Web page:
Drunk on truth to stupid baby power.

Dog Boy


by Hope Waggoner

There’s gurgling in my head when I close my eyes.

We used to have a little brother. He was born with dog hands and dog feet. He was baby-sized but his sharp claws and teeth left our mother crippled after she birthed him. Her husband, Bill, told people that we’d lost the baby and had us keep him inside and threatened the doctors in town with blackmail should they talk about the puppy baby they pulled out of my mother. He grew at the rate of a dog but kept a boy’s face and torso. He was the size of a seven year old within a year and we had to sew him new pants nearly every week. My mother called him “Buddy,” so that’s what we called him, too. We always wondered when his tail would come in, but it never did. He tried to use his puppy paws like human hands, and his people teeth like a dog’s muzzle. He’d sniff around our dirty carpet like a terrier searching for a chipmunk, and try to bark English words at our dogs. The only English he could ever muster were the songs we’d sing to him. The stations had stopped broadcasting years ago and we couldn’t remember many songs, but we still knew the words to the theme song from Happy Days, “Don’t Lie” by the Black Eyed Peas, and all the songs from the iPod commercials and so that’s what we sang him. He’d stand on his hind legs and nip at the counter while I opened cans of tuna and cling peaches for dinner and howl and scratch at the door when he heard the tanks passing through. We taught him to catch things and to jump and if my stepfather saw us, he’d tell us we were wasting our time on our disgusting mutant sibling.

The man our mama married after our pa left was mostly quiet. Half of his face always looked sleepy and his clothes always smelled of gin. He never seemed to like us much and he hated Buddy for leaving Mama sick. He worked in a mill three towns away and we saw less and less of him once mama became bedridden. He’d come home late and yell at Buddy when he tried to greet him at the door with the other dogs and Buddy would hide under Mama’s bed.

We tried to keep him inside, but he’d bolt for the door if it opened. When he got out, he’d go into the hills for days, and we could hear him trying to howl along with the coyotes at night. He’d come back when he got hungry enough, covered in scratches and thorns in his matted hair and he’d sleep for a full day at Mama’s feet and then as soon as he woke up he’d try to get out the back door again. People started to talk about seeing a dog boy when they went out hunting. They said they saw him ripping a deer carcass apart, grinning at them with his child face, and lumbering off when they got too close. The men at the mill would say maybe there’s a family of dog people in the woods. I saw the barefoot neighborhood children point at our house when I swept the front porch.

Our mother died shortly after his first birthday. She’d had me stack the meat trimmings we gave him into the shape of a cake for him, but we didn’t have any candles, only sparklers left from the last 4th of July, which scared him back under the bed. Bill buried Mama out back and wrote the her name on the back of a Bush/Cheney 2004 campaign yard sign that he found in the basement and used that as her gravestone. With Mama gone, our stepfather had us chain Buddy up in the shed. He wailed and cried for hours before we finally heard him humming himself to sleep. One of us would bring him food twice a day and he’d bark the chorus of “Don’t Lie” at us angrily when we walked back into the house. He broke his restraints a few times, but he always came back and Bill always found him heavier chains.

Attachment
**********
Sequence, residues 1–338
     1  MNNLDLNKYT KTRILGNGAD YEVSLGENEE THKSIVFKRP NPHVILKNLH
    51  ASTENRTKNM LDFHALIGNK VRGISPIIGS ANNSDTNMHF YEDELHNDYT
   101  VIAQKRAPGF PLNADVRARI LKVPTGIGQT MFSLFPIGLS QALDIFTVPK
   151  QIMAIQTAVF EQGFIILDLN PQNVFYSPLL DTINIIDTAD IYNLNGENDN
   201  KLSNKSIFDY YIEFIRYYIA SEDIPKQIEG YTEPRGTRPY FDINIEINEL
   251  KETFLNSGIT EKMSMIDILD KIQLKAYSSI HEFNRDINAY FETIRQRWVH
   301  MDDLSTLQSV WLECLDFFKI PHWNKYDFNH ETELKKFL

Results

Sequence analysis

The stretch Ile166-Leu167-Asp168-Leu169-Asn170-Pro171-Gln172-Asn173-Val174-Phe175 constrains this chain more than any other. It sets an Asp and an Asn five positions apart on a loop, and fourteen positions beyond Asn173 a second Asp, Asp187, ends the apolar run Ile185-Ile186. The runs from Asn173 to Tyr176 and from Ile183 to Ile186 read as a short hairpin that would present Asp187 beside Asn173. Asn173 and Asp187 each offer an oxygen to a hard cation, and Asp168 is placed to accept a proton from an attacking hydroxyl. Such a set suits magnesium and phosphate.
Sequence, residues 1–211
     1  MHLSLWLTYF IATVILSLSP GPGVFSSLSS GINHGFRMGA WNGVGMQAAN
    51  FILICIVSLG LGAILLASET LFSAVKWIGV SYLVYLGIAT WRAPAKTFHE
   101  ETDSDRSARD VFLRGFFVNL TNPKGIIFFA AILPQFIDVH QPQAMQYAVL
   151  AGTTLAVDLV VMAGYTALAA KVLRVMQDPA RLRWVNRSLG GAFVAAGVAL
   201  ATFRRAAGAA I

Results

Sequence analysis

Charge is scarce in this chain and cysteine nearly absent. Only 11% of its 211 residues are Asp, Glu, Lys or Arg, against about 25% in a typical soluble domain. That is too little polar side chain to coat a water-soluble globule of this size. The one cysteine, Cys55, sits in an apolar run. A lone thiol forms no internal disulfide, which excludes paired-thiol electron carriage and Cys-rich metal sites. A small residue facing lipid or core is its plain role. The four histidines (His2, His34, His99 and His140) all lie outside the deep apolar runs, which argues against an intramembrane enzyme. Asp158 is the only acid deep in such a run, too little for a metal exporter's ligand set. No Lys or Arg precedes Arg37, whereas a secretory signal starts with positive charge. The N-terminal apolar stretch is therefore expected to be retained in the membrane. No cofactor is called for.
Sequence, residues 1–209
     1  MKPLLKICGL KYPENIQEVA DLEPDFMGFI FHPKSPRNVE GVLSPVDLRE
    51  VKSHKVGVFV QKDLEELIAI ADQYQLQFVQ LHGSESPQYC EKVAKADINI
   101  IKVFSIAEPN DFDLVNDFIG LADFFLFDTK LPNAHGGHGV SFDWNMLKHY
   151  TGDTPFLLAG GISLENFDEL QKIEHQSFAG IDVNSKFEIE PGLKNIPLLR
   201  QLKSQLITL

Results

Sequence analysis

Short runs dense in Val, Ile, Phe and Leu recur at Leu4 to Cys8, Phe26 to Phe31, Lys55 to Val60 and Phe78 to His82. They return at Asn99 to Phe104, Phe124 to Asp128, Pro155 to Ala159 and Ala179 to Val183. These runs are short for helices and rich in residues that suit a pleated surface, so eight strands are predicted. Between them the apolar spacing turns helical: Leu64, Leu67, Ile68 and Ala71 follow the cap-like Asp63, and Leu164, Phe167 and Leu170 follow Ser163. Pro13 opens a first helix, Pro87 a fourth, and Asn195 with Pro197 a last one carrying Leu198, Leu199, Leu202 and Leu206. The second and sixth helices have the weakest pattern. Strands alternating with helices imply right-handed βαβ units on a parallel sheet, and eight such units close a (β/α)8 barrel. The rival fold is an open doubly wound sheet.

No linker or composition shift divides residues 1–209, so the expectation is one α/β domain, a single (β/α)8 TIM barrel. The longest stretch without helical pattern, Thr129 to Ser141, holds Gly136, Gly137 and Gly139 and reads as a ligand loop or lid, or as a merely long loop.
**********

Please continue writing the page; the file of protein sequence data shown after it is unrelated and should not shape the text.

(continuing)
The mill was laying people off and food became scarce as the markets went out of business. Bill wouldn’t move like most of our neighbors had and he said he couldn’t leave mama’s bones out back. I tried to tell him that since everyone else had moved but he wouldn’t we didn’t need to keep Buddy locked up. There was barely anyone to see him anymore and he could help us hunt squirrels and doves. But he shouted and waved his bottle of gin and asked why we’d want to even look at the ugly monster that killed our mother. As summer set in Buddy grew lethargic and would only softly whimper when he heard the coyotes. He’d sigh and turn his back to us when we brought him the table scraps and stopped snapping at us when we helped him into new pants.

During a sweltering night in August I lay in bed and I heard the howling in the distance and Buddy’s tiny cries outside my bedroom. I took the rifle off the mantle and went outside and took him by the leash into the hills. I walked him about a mile before I tied his chain to a tree. I stood with the rifle hanging at my side and I shouted at him for bringing all this ugliness to our family. He stared at me with his big stupid eyes and scratched the back of his ear with his back paw. The tour dates on the Kid Rock shirt I gave him read Saginaw, Michigan, Toledo, Ohio, and Huntington, W. VA. I remembered how my mother and brother would sing to him and how he would lick their faces. I untied the chain and walked back to the house. He didn’t try to follow me. I told Bill I didn’t think he’d come back this time. Weeks passed and I prayed he wouldn’t come back. I didn’t hear his howling. I wondered why I left him there instead of just shooting him.

But one morning, he limped back to our house. The mill was shut down and Bill was showing my sister how to skin a raccoon in the back yard when I heard his footsteps. There was blood in his sweaty hair and he snarled at us, his jeans in shreds and a rip down Kid Rock’s face. Bill reached for the rifle and I covered my sister’s eyes and clamped my own shut. There was a bang, a howling, and then nothing but gurgling.

Hope Waggoner is the estranged sister of Tusk contributing editor / co-founder Nate Waggoner. She lives in Berkeley, CA.



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